[mythtv-users] RAID 1 mirror with mythtv backend???

Nikolai Lusan nikolai at lusan.id.au
Tue Feb 5 17:18:24 UTC 2019

Hash: SHA512


As others have said in reply to your post, mythtv should not cause issues
with RAID - or any FS for that matter. That is not how it is accessing the
drives, it's doing it through an abstraction layer on top of RAID/FS.

These days most of my machines are ZFS using mirror VDEV's in multiple VDEV
pools ... with the exception of my mythtv box. I recently upgraded the
hardware on my mythtv box (and did a fresh install) as it had been stagnant
for over 10 years - I kept the same tuners and IR receiver, so I was able
to fudge things like the config.xml so I didn't have to completely setup
mythtv from scratch. I chose not to put ZFS on this machine because there
is really no benefit in it's advanced features for mythtv (unless you
_really_ want to keep those recording files in a backup somewhere using ZFS
snapshots and remote send/receive to another pool [on another machine]).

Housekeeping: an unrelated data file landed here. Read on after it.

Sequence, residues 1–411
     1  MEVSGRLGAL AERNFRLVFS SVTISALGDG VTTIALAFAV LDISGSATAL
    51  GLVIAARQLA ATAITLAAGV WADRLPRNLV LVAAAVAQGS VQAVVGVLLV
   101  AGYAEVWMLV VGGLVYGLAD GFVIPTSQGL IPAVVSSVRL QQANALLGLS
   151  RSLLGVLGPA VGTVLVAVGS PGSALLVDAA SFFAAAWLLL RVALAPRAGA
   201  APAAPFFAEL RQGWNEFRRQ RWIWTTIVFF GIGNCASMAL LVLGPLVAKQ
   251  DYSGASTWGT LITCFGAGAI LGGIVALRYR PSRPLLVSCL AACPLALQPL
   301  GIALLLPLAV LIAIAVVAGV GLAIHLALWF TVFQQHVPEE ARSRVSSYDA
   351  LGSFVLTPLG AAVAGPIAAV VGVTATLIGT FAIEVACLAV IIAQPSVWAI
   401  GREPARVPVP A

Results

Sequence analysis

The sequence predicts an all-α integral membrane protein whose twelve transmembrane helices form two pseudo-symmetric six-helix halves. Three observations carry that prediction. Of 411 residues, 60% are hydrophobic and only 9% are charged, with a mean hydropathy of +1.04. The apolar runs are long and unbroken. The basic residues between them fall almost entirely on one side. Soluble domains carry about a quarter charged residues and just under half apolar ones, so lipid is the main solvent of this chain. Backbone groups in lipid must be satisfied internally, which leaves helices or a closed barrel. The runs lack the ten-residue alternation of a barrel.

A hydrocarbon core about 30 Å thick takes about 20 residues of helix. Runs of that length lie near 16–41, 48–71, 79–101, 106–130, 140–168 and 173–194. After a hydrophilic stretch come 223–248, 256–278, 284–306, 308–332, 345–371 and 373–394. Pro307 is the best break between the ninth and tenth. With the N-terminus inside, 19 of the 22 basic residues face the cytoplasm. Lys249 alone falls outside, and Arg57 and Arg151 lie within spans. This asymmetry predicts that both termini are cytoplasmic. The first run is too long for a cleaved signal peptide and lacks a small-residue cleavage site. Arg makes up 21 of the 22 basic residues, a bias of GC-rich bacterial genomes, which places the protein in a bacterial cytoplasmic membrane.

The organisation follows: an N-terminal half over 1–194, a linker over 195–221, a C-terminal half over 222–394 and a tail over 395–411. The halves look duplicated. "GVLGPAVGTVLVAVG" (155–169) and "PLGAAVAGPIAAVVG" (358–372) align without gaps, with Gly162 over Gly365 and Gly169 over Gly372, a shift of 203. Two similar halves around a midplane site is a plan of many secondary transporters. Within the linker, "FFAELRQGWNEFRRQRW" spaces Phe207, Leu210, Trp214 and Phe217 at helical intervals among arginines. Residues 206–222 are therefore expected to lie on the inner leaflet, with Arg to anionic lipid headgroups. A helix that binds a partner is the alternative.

The main reason for choosing a specific RAID and/or filesystem setup is
going to be speed. I run my DB on a different host, and the media PC is a
slave backend - it's also the primary frontend. I have chosen to go with a
RAID0 setup on my new hardware, these days I am almost allergic to single
spindle installs, and I have noticed some performance improvements in
LiveTV playback - less skipping when one program slot ends and another

Considering everything if I were running a monolithic myth setup I would
have the primary OS and DB on ZFS with mirror VDEV and a minimum of 4
drives (2 vdevs) in the pool - this is equivalent to a RAID10 setup giving
redundancy, and speed (plus ZFS can compress many of these files on disk
increasing storage space). For the recoding data and metadata files I would
play it fast and loose with RAID0+LVM+ext4 - it is, after all, bulk data
that can be replaced. Bulk video (i.e. any DVD/Blu ray rips and/or
Downloads) is up to you - you could put it on a pool with some redundancy,
or not depending on how much you care about that data.

In many cases the choice of RAID, LVM and filesystem are personal tastes -
although there is some evidence out there for performance gains using
certain mixes for different tasks.

Remember non-zero RAID only provides redundancy, not backup, and not all
filesystems are equal. Also keep in mind that there is not much software
out there accessing drives at a low level, so it's not likely to be
software causing hardware issue, but it could be a file system issue
depending on how the FS is tuned and how the RAID array is addressed.

- -- 
Nikolai Lusan <nikolai at lusan.id.au>


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